Feeds:
Posts
Comments

Posts Tagged ‘Philoctetes’

I’m fond of a Greek tragedy and welcomed the opportunity to catch this rarely revived one. Kae Tempest has adapted Sophocles 2500-year-old play about warrior Philoctetes, stranded for ten years on an island after a dispute with fellow soldier Odysseus. Neoptolemus, son of Philoctetes’ friend Achilles, now dead, has been sent to bring him back to the war front. Tempest has been faithful to Sophocles in the first part, but makes a significant change to its conclusion, producing an interesting roundedness, if not a faithful retelling.

The Olivier is back in the round and the action takes place in a ‘bear pit’ with the playing area extended to replace the left side stalls and use the ‘shelf’ above the right side stalls. The chorus of nine women seem to be a refugee camp, onstage throughout. Sometimes a chorus seems incongruous in modern adaptations, but here they prove to be a key element of both the story and the staging. It’s a while before we meet our protagonist, out hunting as usual, but we are introduced to Neoptolemus soon after and the story of how Philoctetes got there, and Neoptolemus’ intentions, are revealed.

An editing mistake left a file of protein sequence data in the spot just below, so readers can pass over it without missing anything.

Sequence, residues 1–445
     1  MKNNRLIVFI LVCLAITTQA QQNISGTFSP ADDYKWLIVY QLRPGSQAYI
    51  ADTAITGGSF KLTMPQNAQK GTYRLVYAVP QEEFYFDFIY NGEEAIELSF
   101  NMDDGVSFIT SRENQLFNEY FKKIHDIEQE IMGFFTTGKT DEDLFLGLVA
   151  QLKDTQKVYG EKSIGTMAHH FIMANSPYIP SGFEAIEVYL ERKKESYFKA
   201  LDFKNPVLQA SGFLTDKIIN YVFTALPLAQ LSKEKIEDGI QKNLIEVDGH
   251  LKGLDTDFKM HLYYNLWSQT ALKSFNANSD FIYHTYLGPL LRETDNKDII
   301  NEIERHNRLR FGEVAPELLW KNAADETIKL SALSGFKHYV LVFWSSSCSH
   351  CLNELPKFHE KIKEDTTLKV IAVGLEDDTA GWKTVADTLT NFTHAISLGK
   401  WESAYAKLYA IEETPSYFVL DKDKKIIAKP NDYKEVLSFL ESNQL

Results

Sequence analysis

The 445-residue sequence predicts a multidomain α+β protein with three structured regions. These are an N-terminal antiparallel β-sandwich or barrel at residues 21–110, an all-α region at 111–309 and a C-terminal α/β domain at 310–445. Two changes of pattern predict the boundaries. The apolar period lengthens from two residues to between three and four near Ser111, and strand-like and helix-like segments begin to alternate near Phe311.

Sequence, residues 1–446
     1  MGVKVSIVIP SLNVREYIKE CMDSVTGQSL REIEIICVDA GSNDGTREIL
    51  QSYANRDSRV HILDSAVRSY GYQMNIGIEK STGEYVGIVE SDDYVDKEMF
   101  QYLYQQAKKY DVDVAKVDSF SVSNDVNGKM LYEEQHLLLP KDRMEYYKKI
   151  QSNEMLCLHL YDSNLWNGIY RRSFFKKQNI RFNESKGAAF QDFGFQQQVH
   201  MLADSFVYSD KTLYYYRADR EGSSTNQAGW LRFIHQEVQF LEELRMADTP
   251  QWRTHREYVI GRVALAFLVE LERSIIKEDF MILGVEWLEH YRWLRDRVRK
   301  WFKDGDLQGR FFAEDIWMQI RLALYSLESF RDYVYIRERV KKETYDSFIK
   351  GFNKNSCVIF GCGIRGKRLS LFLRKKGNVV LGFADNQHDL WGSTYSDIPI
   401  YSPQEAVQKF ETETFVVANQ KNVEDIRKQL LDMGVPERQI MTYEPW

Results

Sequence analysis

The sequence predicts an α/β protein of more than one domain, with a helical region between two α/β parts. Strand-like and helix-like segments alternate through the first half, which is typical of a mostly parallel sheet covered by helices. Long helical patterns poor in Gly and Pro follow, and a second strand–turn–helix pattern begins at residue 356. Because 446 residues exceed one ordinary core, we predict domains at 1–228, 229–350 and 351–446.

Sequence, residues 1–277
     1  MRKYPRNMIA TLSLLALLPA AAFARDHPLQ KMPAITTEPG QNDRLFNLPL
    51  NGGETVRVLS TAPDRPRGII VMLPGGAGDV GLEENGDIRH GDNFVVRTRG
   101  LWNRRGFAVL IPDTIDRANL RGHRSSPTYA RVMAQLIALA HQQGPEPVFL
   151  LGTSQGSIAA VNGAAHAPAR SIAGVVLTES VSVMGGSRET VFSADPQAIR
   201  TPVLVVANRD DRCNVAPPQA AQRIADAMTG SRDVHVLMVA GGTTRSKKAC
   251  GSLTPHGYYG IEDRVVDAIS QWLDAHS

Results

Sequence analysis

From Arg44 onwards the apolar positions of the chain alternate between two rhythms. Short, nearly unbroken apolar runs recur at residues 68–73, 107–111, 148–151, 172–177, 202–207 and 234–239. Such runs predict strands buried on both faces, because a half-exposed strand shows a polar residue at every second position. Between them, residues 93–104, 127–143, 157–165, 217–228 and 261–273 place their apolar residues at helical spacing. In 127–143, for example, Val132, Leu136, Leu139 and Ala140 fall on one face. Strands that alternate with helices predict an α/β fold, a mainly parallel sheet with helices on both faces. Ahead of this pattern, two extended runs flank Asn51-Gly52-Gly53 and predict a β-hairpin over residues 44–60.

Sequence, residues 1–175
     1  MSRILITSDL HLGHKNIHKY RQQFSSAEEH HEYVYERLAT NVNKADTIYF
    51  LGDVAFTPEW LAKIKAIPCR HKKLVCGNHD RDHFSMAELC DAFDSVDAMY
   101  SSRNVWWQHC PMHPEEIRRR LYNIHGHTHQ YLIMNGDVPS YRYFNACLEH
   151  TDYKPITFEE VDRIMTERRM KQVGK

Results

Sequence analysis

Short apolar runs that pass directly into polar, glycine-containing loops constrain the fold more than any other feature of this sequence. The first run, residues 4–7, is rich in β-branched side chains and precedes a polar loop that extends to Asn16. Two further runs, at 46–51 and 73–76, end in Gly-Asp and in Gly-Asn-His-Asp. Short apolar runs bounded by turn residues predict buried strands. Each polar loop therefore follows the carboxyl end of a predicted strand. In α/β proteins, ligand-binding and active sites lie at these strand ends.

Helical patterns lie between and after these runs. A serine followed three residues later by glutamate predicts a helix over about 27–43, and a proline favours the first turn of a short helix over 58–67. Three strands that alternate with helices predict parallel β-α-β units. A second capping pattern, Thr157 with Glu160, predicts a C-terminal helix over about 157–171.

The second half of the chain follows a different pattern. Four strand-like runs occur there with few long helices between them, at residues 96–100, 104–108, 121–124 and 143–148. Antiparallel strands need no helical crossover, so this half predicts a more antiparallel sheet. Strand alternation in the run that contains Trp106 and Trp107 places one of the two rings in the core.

The arrival of Philoctetes’ nemesis Odysseus, at first hidden from Philoctetes, begins the twist in the tale, and what follows is both a battle over the moral high ground and over Philoctetes fate, with deceit and lies employed by Neoptolemus and Odysseus in an attempt to achieve their objectives. The chorus reveal where their sympathies lie and become involved rather than remain onlookers.

Ian Rickson’s taut, visceral production casts all three warriors as women playing men with Lesley Sharp, Gloria Obianyo and Anastasia Hille all investing their characters with deep passion and determination. All nine chorus members are terrific, both when reacting as one and when standing out individually. Rae Smith’s evocative design and Mark Henderson’s brilliant lighting create a compelling setting for this war of words.

A show which fits the Olivier perfectly, brilliantly staged and designed, with a fine set of performances. Proper drama.

Read Full Post »